Now that LG Fashion Week is upon us, it’s time to reflect on international spring offerings and use the second largest fashion week in North America to cap off the Fall/Winter endeavors and decide what’s what. Thus, in the spirit of I knew them when . . . here are four designers we think you should keep your eye on.
Who: Amanda Lew Kee
Why: It’s only fair that we acknowledge a Canadian connection, but with actress Shenae Grimes singing the praises of the recent Ryerson graduate to the likes of Nylon magazine, don’t consider Kee our token Canuck offering. Having won rave reviews after her show in October, her F/W collection is set to take Friday night by storm, with clothing inspired by ongoing environmental disasters that boast dramatic hues and rich textures. TGIF indeed.
Who: Jason Wu
Why: Hardly of the up-and-coming variety (fine, we admit it), Wu’s young age “ 27 “ is still more than enough to land him on the list. Why? Because with so much positive press following his F/W collection at New York Fashion Week, you can only be excited for what the next four to five decades will undoubtedly bring. Boasting androgyny, polish, sophistication yet eclecticism, the modernity of 2011 was captured through the designer’s use of fabric, print and (lack of) colour. Smooth.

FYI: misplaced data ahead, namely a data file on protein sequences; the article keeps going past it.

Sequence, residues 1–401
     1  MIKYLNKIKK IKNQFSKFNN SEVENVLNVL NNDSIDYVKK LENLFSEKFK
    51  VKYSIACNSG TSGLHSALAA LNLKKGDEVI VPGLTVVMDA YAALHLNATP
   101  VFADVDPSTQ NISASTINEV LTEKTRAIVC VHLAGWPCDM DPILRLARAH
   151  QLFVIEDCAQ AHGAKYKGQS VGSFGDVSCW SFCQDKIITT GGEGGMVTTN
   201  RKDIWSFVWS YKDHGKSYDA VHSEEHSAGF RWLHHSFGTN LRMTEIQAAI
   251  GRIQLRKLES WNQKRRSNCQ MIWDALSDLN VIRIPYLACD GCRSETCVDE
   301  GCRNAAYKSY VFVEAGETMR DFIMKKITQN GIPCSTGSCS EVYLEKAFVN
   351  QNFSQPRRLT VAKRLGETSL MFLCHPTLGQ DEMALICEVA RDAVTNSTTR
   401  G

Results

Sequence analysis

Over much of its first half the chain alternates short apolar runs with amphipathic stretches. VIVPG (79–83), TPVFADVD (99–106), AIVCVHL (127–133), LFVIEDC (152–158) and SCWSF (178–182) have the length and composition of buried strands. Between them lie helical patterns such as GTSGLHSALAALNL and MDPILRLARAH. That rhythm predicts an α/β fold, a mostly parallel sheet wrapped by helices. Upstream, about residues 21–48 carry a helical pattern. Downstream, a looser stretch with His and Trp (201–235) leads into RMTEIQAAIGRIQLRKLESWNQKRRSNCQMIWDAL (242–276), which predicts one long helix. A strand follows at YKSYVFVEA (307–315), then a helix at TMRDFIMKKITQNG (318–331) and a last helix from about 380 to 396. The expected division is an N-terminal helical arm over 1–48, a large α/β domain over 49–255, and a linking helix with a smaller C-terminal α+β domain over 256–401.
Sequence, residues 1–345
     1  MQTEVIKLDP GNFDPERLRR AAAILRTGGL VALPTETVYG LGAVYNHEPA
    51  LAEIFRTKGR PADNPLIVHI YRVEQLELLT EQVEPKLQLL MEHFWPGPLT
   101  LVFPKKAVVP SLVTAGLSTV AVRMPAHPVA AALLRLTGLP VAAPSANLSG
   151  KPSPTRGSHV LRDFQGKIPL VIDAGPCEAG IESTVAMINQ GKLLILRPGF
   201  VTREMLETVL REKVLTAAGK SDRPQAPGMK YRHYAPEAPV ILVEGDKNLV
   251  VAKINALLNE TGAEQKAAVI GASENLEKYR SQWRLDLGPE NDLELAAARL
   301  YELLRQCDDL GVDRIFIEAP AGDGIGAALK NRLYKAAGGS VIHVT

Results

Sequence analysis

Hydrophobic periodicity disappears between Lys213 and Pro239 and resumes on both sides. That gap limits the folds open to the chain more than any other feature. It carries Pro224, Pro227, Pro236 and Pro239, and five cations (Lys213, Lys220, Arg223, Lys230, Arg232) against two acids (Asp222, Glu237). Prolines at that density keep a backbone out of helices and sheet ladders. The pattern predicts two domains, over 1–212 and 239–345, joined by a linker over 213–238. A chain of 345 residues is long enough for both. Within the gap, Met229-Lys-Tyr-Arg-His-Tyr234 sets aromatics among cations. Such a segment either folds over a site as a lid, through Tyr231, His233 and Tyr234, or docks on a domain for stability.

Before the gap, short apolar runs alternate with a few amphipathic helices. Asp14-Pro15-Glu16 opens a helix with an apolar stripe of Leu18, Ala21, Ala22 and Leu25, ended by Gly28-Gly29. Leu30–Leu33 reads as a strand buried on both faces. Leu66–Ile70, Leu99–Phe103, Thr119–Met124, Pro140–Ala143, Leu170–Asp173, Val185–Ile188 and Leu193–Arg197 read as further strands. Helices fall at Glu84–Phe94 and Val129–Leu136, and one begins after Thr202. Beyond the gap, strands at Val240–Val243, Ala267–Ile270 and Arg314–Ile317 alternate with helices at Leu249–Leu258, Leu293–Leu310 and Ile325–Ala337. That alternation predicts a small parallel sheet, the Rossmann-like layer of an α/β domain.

Who: Mandy Coon
Why: Earning international acclaim (specifically that of Vogue) Mandy Coon and her bewitching full-length skirts, luscious textures and multi-dimensional qualities made for an eye-popping F/W collection “ especially for those already taken with the season’s affinity for dark fashion. Dramatic, grungy “ but not dirty “ Coon’s been tapped to be one of the year’s next big things, and with praise from nearly every fashion publication since her debut collection 2010, it’s safe to assume we can expect more from the Texas native.
Who: Mary Katrantzou
Why: Wearable? For some. But what sets the London-based designer apart is not so much her young age (although she did just graduate from Central St Martins school in 2008), but her use of colour and patterns; cementing her as a favourite of the UK fashion world that was only re-affirmed after her shows at London Fashion Week both last year and in February. Using digital prints as her backdrop, each piece is legitimately tells a story, as both the items and the prints on them propel the pop-art legacy through the digital print revolution.